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Friday, October 3, 2014

Rotarians. Who are You?

Rather than seeking to recruit and retain members as an objective in itself, the key is un­derstanding who we are.  Once we recognize our unique club services and benefits, we can seek those men and women in our communities who share similar characteristics.
Rotary International (RI) Director John Smarge
2011 International Assembly Speech

We will enhance Rotary's public image by successfully and enthusiastically marketing who we are, what amazing things we are doing, and incredibly, have done locally and globally.
                                                                                                John F. Germ, 2014
Presidential Nominating Committee Selection to be 2016-17 RI President.

   Marketing who Rotarians are and the amazing things Rotarian's have done and are doing is a major, and badly needed, philosophical change in mindsets and will not be easy to achieve.  Rotary, particularly in North America, has been grappling with 'who we are' for decades; long before Past RI Director Smarge brought it into the open in his publicly revealing 2011 speech.
   Rotary had been trying to combat its membership stagnation and major market decline by recruiting members as an objective unto itself, hoping that this would spur membership.  Hope is not a marketing strategy.  Marketing requires that everyone thoroughly understand that Rotary's primary purpose is to create Rotarians.  Most neighbors and world citizens are doing things like picking up trash and serving in food lines.  As future RI president Germ says, it is 'who we are' that gets things done.
   Change is difficult even in the best of times.  It does appear that the first major obstacle to change and successfully marketing Rotary has been philosophically breached.  Most leaders appear to know that members are to Rotary like customers are to businesses.  What is yet to be understood is that Rotary's primary purpose is to create Rotarians simply because Rotary is its members.  'Who we are' is not a Rotary program'Who we are' creates and supports Rotary's programs and projects.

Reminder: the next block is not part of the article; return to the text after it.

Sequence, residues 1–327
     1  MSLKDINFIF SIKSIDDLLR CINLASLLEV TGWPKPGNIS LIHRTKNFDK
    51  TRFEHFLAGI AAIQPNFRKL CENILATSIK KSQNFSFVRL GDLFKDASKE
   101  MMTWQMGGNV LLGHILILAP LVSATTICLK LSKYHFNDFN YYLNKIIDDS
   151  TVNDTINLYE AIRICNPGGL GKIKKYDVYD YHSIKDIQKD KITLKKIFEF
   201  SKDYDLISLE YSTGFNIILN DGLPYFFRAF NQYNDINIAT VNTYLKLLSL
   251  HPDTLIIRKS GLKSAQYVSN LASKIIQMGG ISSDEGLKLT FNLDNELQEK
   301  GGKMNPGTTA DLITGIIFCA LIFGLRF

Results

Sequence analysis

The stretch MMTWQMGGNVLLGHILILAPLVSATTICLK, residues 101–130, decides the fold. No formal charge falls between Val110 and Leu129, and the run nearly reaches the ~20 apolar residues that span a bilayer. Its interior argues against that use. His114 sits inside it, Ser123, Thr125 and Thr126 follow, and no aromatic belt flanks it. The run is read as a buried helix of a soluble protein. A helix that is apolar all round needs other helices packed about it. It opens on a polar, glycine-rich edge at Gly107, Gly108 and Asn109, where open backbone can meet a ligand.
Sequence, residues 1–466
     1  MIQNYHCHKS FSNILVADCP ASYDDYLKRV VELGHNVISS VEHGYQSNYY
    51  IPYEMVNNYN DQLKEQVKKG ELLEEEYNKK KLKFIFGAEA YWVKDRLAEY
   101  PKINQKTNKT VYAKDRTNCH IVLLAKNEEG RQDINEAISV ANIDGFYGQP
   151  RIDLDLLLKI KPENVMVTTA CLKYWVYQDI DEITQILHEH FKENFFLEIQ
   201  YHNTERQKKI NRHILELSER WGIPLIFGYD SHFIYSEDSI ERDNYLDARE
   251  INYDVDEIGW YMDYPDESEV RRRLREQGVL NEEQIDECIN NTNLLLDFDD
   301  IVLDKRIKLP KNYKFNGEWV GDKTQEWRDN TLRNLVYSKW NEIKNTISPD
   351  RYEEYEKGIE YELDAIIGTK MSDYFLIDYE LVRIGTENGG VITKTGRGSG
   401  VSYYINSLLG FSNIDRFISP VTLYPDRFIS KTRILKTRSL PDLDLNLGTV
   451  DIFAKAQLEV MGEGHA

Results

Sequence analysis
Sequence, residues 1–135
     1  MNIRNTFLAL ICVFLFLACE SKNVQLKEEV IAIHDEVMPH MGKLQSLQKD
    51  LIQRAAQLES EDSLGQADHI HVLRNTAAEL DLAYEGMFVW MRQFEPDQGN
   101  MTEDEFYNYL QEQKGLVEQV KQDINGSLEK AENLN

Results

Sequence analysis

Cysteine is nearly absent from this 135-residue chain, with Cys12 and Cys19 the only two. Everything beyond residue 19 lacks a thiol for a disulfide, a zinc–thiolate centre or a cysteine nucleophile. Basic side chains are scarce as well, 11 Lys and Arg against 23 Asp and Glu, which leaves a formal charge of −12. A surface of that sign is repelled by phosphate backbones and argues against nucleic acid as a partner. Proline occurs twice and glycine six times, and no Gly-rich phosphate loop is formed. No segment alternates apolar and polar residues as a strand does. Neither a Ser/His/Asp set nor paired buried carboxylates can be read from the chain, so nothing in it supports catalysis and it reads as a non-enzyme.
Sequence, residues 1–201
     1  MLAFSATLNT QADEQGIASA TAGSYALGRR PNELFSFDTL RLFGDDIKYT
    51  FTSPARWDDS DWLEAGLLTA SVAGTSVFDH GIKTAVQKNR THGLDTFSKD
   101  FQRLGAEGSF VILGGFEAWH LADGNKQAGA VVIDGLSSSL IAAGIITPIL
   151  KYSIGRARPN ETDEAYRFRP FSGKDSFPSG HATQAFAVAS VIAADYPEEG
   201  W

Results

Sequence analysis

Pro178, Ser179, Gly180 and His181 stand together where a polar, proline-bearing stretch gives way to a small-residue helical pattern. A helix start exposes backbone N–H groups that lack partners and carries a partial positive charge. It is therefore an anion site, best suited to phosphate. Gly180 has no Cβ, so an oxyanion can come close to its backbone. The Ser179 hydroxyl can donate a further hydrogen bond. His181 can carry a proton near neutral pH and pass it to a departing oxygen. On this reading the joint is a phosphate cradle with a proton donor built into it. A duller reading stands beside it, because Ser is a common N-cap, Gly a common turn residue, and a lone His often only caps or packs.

So Rotary must market 'who we are'.  Who are we?  This question must be answered because many are conflicted about 'who we are', and 'who we should be'.  This topic must be openly and frankly discussed, pretty much agreed upon, and internally marketed.  If it isn't, it will be an obstacle that will most likely render the visions of future RI presidents Ravi and Germ, including their boards and other leaders, difficult, if not impossible, to achieve.  All of Rotary must understand 'who we are' before Rotary can be effectively marketed and delivered externally.
   Along with determining 'who we are' Rotary must offer and deliver to 'who we are' something of value that 'who we are' cannot get elsewhere.  Performing community and international service projects and contributing to The Rotary Foundation (TRF) are not unique offerings.  Without unique offerings, there are no perceivable reasons for 'who we are'  to be a Rotarian.
   North America, Rotary's largest mature 'who we are'  market and home to TRF's primary donors, is telegraphing Rotary's future.  In 1995, its membership peaked at approximately 460,000.  Today, it is about 360,000.  Rotary leaders at all levels must be strong enough to step out of their comfort zones, cast aside personal biases, and recognize that the only true measure of an effective Rotary club is its desire and ability to create Rotarians.  All assemblies, seminars, conferences, and conventions must communicate this basic fundamental, and reports should reflect vital membership statistics, measures, and trends - not merely net gains or losses.

Professionally marketing and delivering differentiating values to 'who we are'  is Rotary's chance, perhaps only chance, to steadily create Rotarians.  Is this great organization of business, professional, and community leaders up to the challenge? Does it recognize that

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